“Of course I flushed that fish down the toilet. It gave me the creeps.”
“You told me it died of natural causes!”
“Well, I’m sure it did, eventually. I’m sorry, but I was glad when I didn’t have to look at it anymore.”
When I was five, my mother flushed my pet fish, Swimmy, down the toilet. I didn’t find out until years later, and questioned her about her choices. Mom was sorry I found out, but not sorry for her actions. Swimmy was, in her mind, a creeper that needed to go.
While my mother’s confession came long before the meme, this is a classic example of “sorry not sorry” (#sorrynotsorry). It goes something like, “I did something, maybe it wasn’t the nicest or most appropriate thing to do and I should probably be sorry that I hurt your feelings or am offending your taste, but I’m not sorry for what I did or am doing.”
Other examples may include, “I ignored your text. I was on a great date. #sorrynotsorry” or “Can’t stop playing the new Justin Bieber song. #sorrynotsorry.”
What if I’m not sorry for my sins?
This is also a feeling Catholics may have when approaching the Sacrament of Reconciliation. We know we need to go. Christ gave us this sacrament by which we “obtain pardon from God’s mercy” and are “reconciled with the Church” (CCC 1422). We need to hear those words — “Your sins are forgiven, go in peace!” Yet sometimes, like my mother, we do something and while we know it’s wrong we’re not that sorry. Should we still go to confession?
Enter the beauty of God’s mercy and the Church’s understanding of human nature. We should show contrition, or sorrow, for our sins – but we know that isn’t always the case. The Catechism of the Catholic Church explains that contrition is “sorrow of the soul and detestation for the sin committed, together with the resolution not to sin again” (CCC 1451).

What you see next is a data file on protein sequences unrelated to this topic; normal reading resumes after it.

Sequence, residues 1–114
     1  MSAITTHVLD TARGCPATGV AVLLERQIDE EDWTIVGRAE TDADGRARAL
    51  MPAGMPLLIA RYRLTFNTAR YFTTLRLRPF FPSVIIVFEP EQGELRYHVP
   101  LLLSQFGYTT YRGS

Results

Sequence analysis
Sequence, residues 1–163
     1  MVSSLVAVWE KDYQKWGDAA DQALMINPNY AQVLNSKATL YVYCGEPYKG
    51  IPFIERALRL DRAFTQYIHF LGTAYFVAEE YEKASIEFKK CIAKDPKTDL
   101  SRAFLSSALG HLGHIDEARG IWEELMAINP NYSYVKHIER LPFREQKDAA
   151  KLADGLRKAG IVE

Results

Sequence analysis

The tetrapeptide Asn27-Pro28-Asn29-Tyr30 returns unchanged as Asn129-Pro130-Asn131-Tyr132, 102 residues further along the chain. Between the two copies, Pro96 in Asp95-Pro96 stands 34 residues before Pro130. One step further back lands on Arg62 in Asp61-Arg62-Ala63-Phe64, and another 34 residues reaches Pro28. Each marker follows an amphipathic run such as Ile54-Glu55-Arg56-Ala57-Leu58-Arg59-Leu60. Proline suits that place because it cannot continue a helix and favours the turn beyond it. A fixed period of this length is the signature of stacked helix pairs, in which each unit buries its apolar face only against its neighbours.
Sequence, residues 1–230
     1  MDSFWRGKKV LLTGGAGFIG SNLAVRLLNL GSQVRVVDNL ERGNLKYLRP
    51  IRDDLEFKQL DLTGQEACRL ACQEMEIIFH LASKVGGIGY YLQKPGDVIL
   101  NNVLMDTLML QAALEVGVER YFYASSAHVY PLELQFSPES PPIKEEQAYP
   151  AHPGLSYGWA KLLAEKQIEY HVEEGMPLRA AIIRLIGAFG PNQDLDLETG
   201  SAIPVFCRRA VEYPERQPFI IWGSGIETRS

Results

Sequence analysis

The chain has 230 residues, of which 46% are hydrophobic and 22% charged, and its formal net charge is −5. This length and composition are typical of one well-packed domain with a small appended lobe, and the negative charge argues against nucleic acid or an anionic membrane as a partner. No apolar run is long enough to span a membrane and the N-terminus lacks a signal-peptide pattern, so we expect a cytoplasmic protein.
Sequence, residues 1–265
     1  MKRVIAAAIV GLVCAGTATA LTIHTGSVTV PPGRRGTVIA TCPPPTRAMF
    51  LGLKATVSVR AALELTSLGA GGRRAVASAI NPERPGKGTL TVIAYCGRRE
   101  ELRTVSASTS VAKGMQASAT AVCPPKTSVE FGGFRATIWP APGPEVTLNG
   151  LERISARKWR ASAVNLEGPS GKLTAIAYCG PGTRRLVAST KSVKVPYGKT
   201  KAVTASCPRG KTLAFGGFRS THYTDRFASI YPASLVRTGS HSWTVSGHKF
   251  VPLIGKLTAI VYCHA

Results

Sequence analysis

I want to have perfect contrition…
The Church, understanding this about our human nature, clarifies that there are two types of Contrition– perfect and imperfect. When contrition– our sorrow– is “perfect” it is contrition that “arises from a love by which God is loved above all else” (CCC 1452).
In other words, when we’re truly sorry for something because we know that God was offended– truly sorry for, example, flushing a pet fish down the toilet because Baby Jesus wants us to respect his creation and what doesn’t belong to us. We experience immediate remorse and want to remedy the situation as soon as possible.
But we’re imperfect people…
However, the Church teaches that there is also “imperfect” contrition. This is our awareness that what we’ve done offends God– that we should be sorry because we love God and, ultimately, don’t want to go to hell.
The Catechism explains that “such a stirring of conscience can initiate an interior process which, under the prompting of grace, will be brought to completion by sacramental absolution” (CCC 1453).
In other words, just entering the confessional and saying the words puts us in a position to receive grace. Taking those first steps– putting ourselves in the physical presence of God and receiving his Sacrament– allows us be forgiven and gives us sacramental grace.
So, even when when we’re not “perfectly” sorry, we should go to the sacrament.
God is not limited by our feelings. His forgiveness is perfect, even when our sorrow is not.